Two random topics from the Bahamas.

We take a break from bragging about the sunny skies, the white sand beaches, the blue water and warm temperatures to talk about two issues from this week.  The trip isn’t all rainbows and unicorns!!

Anchor alarm:

We have been training ourselves for the past 10 months how to be sailors. On the job training, but none the less. And we all know the saying about ‘old dogs and new tricks.’

I have trained our dog Lucky to sit. When Lucky was young, we trained him to sit by rewarding him treats and effusive praise. And at least 30 percent of the time his training takes and he sits around the time I give the command. But the jury was out on if the various parts of our ‘sailing training’ (as opposed to Army training, Sir!) have indeed taken.

At 1am this morning, I got confirmation that I am officially trained on the ‘anchor alarm’ sound. That when it goes off, I go from “deep sleep, middle of kick butt dream” to “PANIC” in about 3.2 microseconds.

An explanation and a side note before we continue:
For those of you who live on land and don’t care about no stinking boats, and anchor alarm is something you set that alerts you when your boat has moved. To give you enough time, one hopes, to stop a disaster from happening. There are a ton of apps out there that can do this for you, or you can do it the old fashioned way, and pick out visual references on shore to see if you moved. But visual references don’ work so well at night. So we us an anchor app called anchor alarm.

Anchor alarmHow it works is that when you get to your anchorage, you mark your anchor location in the app at the location where you anchor is at on the bottom. Then you set how big you want your circle of safety to be based on the amount of line you have out and how close any obstacles (i.e. land or other boats) are to your location. The app then uses the internal GPS on the iPhone (or iPad, or chart plotter) to keep tack of your boat and mark the location on a pretty picture so you can see where your boat is at any given time. And if you break the line, a really, really annoying alarm goes off alerting you that you have crossed the “LINE OF DEATH” (my word, not the app developers word). And you should do something.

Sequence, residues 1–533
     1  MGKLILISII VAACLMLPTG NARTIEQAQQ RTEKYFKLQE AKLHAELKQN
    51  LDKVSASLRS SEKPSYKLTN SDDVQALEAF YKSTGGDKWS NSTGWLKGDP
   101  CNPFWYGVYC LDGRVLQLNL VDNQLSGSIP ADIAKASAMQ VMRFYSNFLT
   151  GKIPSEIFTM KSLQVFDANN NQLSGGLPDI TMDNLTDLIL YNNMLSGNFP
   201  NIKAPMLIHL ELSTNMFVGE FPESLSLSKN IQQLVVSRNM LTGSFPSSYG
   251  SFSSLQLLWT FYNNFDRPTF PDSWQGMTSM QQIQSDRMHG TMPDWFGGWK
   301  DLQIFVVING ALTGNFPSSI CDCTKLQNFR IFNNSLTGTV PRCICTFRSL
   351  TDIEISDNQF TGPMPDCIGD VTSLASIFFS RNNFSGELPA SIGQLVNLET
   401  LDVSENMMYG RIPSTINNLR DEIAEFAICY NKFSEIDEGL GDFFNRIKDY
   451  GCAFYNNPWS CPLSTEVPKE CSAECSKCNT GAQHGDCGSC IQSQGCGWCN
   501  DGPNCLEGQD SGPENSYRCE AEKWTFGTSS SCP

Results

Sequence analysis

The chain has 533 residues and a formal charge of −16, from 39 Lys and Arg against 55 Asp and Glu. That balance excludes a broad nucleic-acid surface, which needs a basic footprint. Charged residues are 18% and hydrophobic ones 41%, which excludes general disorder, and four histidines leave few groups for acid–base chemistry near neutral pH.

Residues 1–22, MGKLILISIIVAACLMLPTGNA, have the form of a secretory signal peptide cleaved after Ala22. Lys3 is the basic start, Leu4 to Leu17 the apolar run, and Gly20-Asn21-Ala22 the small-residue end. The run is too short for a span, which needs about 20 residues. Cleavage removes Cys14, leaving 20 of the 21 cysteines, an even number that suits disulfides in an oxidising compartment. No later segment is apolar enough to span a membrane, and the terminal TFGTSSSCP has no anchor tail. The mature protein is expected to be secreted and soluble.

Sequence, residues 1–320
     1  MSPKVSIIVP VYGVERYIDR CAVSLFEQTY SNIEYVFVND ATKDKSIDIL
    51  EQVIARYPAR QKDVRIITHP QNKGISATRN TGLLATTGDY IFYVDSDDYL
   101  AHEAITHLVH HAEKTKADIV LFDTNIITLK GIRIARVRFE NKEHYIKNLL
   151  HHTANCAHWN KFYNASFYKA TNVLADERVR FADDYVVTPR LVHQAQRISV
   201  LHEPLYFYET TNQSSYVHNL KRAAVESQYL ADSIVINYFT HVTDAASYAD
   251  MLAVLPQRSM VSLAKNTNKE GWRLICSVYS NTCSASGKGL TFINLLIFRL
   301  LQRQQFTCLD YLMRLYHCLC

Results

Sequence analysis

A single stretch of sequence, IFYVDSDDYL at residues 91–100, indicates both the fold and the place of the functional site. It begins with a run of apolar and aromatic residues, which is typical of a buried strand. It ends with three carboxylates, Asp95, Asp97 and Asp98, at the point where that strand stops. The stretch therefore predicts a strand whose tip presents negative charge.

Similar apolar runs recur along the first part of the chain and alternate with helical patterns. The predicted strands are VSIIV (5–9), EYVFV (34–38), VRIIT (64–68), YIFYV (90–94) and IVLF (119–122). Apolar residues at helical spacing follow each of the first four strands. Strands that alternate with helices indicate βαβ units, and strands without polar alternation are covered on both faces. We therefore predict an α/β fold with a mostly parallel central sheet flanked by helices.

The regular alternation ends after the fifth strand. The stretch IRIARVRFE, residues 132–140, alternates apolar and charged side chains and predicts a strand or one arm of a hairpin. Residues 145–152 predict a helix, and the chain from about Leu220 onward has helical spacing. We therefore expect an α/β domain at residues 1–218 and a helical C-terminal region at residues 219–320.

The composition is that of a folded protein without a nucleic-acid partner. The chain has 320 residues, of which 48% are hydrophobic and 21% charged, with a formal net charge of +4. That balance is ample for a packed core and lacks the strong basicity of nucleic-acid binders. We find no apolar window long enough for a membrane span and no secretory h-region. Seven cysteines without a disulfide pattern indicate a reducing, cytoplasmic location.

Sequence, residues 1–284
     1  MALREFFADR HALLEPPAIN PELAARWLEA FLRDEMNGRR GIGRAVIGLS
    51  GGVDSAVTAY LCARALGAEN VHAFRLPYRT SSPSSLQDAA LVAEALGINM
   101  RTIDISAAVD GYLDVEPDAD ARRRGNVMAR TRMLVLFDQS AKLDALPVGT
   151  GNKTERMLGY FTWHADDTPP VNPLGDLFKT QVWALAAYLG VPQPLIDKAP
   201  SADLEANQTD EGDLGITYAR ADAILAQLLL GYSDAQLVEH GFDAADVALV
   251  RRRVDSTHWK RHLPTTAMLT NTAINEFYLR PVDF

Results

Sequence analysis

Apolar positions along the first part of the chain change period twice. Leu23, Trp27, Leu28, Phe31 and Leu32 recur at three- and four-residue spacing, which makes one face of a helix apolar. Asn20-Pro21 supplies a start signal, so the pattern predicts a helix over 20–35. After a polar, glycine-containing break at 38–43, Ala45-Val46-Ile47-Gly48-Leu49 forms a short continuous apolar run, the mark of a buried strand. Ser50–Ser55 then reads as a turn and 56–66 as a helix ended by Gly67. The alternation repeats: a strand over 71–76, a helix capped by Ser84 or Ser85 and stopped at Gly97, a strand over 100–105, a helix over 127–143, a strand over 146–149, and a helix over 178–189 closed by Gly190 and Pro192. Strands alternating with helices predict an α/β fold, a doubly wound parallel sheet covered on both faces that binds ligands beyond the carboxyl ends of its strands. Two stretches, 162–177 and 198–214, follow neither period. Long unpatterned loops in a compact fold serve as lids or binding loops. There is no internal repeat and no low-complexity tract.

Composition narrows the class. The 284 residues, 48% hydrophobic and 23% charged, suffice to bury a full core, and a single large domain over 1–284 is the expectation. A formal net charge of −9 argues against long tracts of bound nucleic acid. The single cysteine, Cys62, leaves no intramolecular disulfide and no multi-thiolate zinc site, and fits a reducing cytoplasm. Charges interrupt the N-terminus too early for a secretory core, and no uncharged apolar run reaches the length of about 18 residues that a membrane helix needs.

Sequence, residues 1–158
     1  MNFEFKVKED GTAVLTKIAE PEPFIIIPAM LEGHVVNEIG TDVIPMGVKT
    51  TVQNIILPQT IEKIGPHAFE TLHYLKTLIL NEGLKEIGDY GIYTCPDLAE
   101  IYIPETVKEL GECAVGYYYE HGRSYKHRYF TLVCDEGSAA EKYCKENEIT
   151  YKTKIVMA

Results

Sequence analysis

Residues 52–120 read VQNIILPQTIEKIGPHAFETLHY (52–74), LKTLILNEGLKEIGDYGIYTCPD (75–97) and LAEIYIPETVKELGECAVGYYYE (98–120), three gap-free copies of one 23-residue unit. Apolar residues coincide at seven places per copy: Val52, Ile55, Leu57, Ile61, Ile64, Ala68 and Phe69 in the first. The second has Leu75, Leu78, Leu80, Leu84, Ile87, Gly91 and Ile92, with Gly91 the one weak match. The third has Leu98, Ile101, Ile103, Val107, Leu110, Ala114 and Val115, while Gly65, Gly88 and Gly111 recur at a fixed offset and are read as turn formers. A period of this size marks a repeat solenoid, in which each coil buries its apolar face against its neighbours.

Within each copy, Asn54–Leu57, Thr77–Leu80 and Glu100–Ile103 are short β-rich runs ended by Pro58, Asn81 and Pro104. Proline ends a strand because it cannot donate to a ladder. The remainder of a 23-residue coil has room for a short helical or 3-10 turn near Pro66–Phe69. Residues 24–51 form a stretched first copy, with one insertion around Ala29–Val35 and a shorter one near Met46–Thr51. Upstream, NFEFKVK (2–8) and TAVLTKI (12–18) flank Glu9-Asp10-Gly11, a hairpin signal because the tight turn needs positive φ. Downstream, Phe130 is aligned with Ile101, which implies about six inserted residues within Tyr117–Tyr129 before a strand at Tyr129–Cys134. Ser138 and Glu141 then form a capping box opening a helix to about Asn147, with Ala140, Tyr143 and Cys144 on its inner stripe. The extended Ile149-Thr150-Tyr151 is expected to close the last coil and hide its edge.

And on a side note, why does the alarm always go off at 1am. Or 3am. Or any time that is morning and dark. And raining. Because the thing never goes off at 1pm, or at anytime that has the sun up.

So when the thing went off, I heard it deep in my dream. And in my dream I remember saying to myself “self, that is the anchor alarm.”

To which I replied “don’t worry…it is just the alarm, stay in bed.”


At which point I levitated like a board up off the bed, rotated and tilted so that as my feet hit the ground, my body was leaning forward so that I could SPRING out of the room, up the stairs and out on the deck. And somehow I grabbed my phone on which the alarm was going off constantly.

Up on deck it is windy. And dark. And I can see that we are not much closer to any of the other boats that we have been next to for the past 36 hours. So the panic subsides a bit. If we are dragging, it is a slow drag. I check the anchor chain and bridle, and they are both still where we left them (at the front of the boat) and pointing the right direction (down towards the anchor). Both of these are good things. So we didn’t break our rode, or our bridle, and we appear not to be moving quickly.

I look at the anchor app and I can see that our boat did indeed break the LINE OF DEATH, but not by much and that our little boat symbol which was outside the line was slowly creeping back into the line. So I sat on the deck, clad in my underwear and a scowl, watched my screen for awhile and waited for two things. First is for the app location to solidify to see if we had really moved, and second was for my heart rate to get back to something approaching normal.